Fine, I’ll admit it, I don’t really like Superhero movies all that much. It’s not my fault, it’s their fault. Too similar, and now marketed as a merchandise machine with the likes of the MCU bringing this into light. Similarly made products, mass produced with a handful of projects per year. It makes them that less personal, and its why Superhero movies like The Incredibles 2, Batman Begins and Logan are so unique and special to me. That lacking stigma I’ve subconsciously attached to the mediocre outputs of Marvel and DC these past ten years.

The final outing of both Hugh Jackman and Patrick Stewart, Logan follows the ageing titular character and an ailing Professor X as they transport a young mutant to Eden. My interest in this movie came from the cast and plot alone, with the supporting cast featuring both Stephen Merchant and Richard E. Grant, it’s hard not to get excited.

An outstanding final performance from Hugh Jackman, who says a fond farewell to the character as best he can. Touching, nuanced and a tad hot-headed, Jackman’s final outing as Logan is also his best to date. On par with the very first time he laced up those flashy latex boots, the performance is superior to any other iteration or concept of Wolverine that I know of.

My thoughts on how they handled Logan are similar to that of Professor X, with Stewart’s supporting role as impactful as expected. We see a Professor X different to the intelligent, mind bending powerhouse he is in X-Men and beyond. Instead we see him suffering from what appears to be every ailment to have ever been uttered by medical professionals, in need of constant aide, which Logan provides.

The two performances, as expected, work in hand in hand with one another. Their reliance on one another for support, both physical and mental, provides the movie with its core focus in the first hour. It’s how the film builds upon this that surprises me most. Not anything I’ve seen before from the genre, and with a splash of excellent chemistry, the cast works incredulously to provide some of the best performances they’ve ever given on the big screen.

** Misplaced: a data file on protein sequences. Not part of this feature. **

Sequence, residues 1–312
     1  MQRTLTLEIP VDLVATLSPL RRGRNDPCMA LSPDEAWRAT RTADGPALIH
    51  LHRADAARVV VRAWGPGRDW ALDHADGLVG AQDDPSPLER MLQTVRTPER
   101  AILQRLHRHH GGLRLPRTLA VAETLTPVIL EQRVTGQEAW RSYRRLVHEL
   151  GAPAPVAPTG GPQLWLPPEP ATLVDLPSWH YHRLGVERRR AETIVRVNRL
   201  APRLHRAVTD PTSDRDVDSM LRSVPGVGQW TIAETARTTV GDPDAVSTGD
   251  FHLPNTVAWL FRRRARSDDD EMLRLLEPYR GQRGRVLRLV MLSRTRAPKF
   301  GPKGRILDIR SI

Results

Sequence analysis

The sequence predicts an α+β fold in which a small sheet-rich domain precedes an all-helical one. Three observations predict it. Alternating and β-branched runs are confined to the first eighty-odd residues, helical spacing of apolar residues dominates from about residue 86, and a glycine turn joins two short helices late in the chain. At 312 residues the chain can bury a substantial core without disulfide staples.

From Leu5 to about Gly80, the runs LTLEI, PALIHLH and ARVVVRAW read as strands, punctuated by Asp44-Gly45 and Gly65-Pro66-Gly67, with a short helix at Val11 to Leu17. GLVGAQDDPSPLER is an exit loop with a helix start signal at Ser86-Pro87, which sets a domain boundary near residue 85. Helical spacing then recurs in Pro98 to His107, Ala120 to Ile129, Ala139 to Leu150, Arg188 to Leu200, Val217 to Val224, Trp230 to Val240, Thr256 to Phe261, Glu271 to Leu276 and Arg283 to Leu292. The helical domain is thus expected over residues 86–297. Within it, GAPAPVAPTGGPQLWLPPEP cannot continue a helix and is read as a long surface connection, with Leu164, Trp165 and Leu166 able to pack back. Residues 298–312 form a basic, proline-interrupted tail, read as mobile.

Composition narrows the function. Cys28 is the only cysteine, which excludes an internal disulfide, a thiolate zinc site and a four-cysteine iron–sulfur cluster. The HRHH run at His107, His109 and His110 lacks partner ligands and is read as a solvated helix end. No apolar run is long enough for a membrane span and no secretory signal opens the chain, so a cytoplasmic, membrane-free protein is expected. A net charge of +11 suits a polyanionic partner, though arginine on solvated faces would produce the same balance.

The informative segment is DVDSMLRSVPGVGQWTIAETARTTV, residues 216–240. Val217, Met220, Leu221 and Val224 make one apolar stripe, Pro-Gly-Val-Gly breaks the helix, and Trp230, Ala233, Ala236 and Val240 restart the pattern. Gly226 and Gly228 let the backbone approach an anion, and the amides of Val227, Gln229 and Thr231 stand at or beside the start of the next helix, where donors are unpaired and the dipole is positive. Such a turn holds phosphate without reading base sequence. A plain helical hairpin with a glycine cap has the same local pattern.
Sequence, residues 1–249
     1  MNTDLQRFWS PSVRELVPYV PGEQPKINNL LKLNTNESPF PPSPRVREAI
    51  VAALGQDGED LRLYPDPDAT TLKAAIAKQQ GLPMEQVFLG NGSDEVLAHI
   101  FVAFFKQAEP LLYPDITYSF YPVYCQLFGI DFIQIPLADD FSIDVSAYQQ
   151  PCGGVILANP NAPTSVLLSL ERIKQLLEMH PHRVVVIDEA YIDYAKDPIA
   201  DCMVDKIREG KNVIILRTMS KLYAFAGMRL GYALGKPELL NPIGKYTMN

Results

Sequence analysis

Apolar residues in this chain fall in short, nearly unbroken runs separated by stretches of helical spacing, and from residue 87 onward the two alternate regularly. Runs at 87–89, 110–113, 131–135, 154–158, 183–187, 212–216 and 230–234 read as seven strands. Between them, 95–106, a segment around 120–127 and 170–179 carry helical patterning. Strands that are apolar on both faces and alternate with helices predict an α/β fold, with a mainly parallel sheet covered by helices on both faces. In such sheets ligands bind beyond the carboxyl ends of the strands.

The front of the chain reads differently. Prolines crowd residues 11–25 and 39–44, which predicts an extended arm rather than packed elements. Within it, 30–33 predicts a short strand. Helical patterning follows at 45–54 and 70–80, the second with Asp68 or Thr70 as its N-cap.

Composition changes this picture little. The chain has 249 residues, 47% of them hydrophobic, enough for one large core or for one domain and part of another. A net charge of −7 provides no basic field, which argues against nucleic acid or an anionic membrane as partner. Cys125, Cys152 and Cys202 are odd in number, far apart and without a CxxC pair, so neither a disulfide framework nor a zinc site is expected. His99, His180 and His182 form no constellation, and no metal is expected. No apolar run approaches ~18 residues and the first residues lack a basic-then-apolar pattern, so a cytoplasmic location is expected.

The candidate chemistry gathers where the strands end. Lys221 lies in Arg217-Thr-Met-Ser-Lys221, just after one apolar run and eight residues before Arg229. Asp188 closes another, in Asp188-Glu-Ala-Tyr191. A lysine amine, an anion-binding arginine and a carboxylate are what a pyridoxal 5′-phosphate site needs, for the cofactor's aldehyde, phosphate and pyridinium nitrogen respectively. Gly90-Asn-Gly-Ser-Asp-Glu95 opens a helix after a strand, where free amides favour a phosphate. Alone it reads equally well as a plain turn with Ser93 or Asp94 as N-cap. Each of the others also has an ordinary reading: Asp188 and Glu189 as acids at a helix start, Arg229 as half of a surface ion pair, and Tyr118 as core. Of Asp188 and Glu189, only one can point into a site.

James Mangold’s direction rounds this off tremendously. A real step up from his work on The Wolverine, which was an enjoyable side-movie to explore the character in a bit of further detail, but lacked the depth Logan provides. I’m a big fan of his style, and although the last half hour of the film drags on a bit, his direction is incredible the whole way through. From start to finish I’m invested in a character that, while being a big part of my childhood, has evaded me in book and film form. Playing Marvel Ultimate Alliance on my PSP while on short road trips was the strangest way to introduce myself to this character.

Possibly the most surprising performance of all though comes from Stephen Merchant, whose brief role as Caliban is, suffice to say, some of the best work he’s ever produced in the dramatic genre. The same goes for Richard E. Grant somewhat, wherein his turn as the villainous Dr. Zander Rice has sporadic gushes of devilish charm, akin to his performance in Withnail and I. It’s more of a personal ploy than anything, if it has Richard E. Grant then there’s a good chance I’ll watch it; I can’t get enough of him all of a sudden, a true charm and diamond in the rough.

Logan is the break from the norm that I needed, getting me somewhat back on the wagon for future superhero releases. It’s a one in a million chance of ever having an experience as near-perfect as this movie was, but a man can dream. Crafted and handled with care (unlike so many other films of the genre) Logan has the expected highs and the dramatic lows of any good superhero movie, but it has one key ingredient rarely any other superhero movie has. A heart. And Richard E. Grant.

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